The four Gospels reveal that Jesus amazed people during His earthly ministry in two main ways. First, the signs and wonders He performed were unlike anything they had ever seen (Mark 4:35–41; John 11:38–45). Second, people were awestruck by our Lord's teaching, both by the insight of His interpretation of the Old Testament (Matt. 22:23–33) and by His evident authority.
Mark tells us that people were astonished at the authority of Jesus when He taught at the synagogue in Capernaum (Mark 1:21–22). This important Galilean city was located on the main trade route between Damascus and the Mediterranean coastal plain, making it an ideal home base of sorts for our Lord's ministry. In Capernaum, Jesus could teach local Jews and those who were passing through on their way elsewhere. With respect to authority, the Jews paid heed to the teaching of the scribes, who occupied an important place in first-century Jewish society. Scribes were experts in the Old Testament law, and the people regarded their Scriptural interpretations as binding. Because of this, and because scribes took care of the scrolls on which the Bible was written, scribes held seats of honor in the synagogues. One had to be a scribe to sit on the Sanhedrin, the ruling body of Jews, and the scribes also served as civil lawyers. In any case, the scribes taught by citing the opinions of various rabbis on different matters, appealing not to their own authority but to the authority of others.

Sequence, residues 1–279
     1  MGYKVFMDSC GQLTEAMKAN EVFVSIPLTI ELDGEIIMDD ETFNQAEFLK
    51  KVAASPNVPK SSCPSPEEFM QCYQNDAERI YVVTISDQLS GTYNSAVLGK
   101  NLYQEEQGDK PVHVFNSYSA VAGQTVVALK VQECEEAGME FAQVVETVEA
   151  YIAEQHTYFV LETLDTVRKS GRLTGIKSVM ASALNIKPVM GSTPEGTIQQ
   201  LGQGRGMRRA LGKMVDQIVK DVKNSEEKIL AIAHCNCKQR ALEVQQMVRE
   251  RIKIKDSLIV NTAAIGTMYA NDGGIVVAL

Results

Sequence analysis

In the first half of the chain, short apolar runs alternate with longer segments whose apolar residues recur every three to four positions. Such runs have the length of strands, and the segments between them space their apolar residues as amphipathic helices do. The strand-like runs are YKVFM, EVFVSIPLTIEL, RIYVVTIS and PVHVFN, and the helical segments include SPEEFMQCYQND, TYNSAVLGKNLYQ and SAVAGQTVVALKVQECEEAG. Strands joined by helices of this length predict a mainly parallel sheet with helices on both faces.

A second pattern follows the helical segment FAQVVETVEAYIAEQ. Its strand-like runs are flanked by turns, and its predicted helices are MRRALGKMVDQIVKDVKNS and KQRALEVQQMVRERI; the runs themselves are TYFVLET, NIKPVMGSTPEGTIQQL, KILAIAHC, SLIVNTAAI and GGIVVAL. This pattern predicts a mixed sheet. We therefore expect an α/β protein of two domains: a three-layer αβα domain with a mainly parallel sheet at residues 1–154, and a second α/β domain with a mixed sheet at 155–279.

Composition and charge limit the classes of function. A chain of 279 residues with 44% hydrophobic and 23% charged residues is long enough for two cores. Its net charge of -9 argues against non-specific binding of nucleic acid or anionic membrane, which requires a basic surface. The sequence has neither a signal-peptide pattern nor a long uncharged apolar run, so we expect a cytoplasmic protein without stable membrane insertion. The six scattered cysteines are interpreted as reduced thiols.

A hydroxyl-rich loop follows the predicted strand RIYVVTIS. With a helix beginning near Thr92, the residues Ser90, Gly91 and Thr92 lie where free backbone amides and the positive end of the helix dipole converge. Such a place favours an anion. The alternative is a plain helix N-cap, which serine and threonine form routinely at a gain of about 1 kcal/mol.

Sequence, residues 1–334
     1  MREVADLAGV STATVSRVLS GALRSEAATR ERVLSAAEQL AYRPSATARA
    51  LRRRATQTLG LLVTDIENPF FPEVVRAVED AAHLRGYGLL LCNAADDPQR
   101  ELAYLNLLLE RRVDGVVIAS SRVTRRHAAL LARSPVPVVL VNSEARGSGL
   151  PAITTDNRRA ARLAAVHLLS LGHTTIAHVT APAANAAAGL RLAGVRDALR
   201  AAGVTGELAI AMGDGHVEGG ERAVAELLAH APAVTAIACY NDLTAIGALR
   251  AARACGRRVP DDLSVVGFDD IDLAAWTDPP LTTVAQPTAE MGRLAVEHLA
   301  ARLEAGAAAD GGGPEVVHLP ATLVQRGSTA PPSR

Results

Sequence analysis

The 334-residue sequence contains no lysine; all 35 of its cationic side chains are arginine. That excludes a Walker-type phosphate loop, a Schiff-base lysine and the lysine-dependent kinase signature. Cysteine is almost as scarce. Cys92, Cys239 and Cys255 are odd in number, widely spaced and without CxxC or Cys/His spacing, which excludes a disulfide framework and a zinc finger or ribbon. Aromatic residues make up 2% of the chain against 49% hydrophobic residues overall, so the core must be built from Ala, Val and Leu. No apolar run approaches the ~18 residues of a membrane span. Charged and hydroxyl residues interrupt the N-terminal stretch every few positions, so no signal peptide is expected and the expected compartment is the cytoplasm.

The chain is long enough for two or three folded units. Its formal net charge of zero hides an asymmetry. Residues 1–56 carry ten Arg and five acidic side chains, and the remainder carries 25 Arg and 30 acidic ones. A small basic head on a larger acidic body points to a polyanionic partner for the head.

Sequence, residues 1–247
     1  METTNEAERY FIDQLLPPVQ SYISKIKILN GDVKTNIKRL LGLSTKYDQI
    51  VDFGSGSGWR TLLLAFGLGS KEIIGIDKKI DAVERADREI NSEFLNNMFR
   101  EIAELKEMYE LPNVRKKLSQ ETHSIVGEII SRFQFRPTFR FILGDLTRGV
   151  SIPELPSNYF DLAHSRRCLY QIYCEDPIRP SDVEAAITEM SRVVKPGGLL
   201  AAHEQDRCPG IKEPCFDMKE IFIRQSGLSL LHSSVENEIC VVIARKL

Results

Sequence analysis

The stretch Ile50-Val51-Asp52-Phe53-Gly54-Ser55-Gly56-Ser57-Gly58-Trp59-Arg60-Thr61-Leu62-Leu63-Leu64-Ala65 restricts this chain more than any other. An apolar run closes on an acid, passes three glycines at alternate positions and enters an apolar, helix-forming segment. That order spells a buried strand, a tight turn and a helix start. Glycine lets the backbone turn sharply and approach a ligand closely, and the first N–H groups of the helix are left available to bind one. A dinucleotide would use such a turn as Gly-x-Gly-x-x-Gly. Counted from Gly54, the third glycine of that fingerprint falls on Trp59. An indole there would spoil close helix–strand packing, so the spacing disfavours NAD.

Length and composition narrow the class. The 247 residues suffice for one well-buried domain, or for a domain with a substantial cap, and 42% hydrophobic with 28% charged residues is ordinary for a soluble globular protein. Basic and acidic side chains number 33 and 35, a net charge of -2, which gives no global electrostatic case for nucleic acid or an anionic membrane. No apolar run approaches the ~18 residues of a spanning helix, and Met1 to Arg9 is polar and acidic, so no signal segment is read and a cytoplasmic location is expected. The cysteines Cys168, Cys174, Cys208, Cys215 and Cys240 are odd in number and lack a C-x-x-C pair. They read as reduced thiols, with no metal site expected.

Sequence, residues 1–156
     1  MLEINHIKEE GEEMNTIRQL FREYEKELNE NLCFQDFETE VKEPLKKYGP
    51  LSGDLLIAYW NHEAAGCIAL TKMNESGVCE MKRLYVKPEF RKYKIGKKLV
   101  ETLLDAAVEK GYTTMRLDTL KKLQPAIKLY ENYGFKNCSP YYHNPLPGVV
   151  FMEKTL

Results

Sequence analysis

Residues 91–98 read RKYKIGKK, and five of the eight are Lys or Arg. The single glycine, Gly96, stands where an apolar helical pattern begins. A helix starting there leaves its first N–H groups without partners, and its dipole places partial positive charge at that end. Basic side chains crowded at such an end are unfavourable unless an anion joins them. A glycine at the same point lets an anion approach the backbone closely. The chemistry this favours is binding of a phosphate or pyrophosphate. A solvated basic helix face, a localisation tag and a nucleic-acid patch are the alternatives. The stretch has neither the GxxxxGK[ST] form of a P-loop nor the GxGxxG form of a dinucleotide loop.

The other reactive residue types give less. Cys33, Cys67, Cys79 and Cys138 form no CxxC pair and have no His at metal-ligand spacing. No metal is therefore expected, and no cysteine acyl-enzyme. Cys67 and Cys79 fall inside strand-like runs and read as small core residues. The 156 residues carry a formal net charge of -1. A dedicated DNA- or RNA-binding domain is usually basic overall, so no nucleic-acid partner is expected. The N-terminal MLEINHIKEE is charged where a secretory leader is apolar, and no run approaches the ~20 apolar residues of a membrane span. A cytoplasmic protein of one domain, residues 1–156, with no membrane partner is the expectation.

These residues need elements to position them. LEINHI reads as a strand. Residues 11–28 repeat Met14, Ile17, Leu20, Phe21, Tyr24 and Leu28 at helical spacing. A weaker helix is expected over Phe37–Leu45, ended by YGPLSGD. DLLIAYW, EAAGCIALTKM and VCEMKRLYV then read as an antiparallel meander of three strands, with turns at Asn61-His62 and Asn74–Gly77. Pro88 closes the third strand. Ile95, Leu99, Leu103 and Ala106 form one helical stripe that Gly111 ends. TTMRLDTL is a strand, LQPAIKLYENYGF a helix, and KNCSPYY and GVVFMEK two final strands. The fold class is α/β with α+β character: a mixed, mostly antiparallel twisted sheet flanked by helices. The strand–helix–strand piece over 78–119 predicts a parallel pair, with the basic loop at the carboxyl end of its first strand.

Christ, on the other hand, did not appeal to the authority of various rabbis when He instructed the people. Rather, as Matthew Henry comments, Jesus taught "as one that knew the mind of God, and was commissioned to declare it." Mark does not record as much of Jesus' instruction as the other gospels do, so let us consider passages such as Matthew 5:21–48 in order to get an idea of what it meant for Jesus to teach with authority. There, we read how Jesus contrasted His understanding of the old covenant Scriptures with the understanding of the scribes. He did not quote the teachings of the scribes and rabbis as binding, but He expected others to see His teaching as superseding theirs. In fact, He taught with the authority of God Himself. The Greek word exousia, translated "authority" in Mark 1:22, is typically used in the Bible for God's own authority. Jesus did not rely on the expertise of others. He spoke the very words of our Creator (see John 12:49–50).
Jesus is often regarded as a good teacher, but as many Christian apologists have noted, we insult Christ if we view Him as merely a good teacher. Our Lord was not simply a wise moral philosopher; rather, He spoke with divine authority. What He says, therefore, must be believed. His Words are truth itself, and if we do not heed what He says, then we will find ourselves outside of His kingdom on the last day.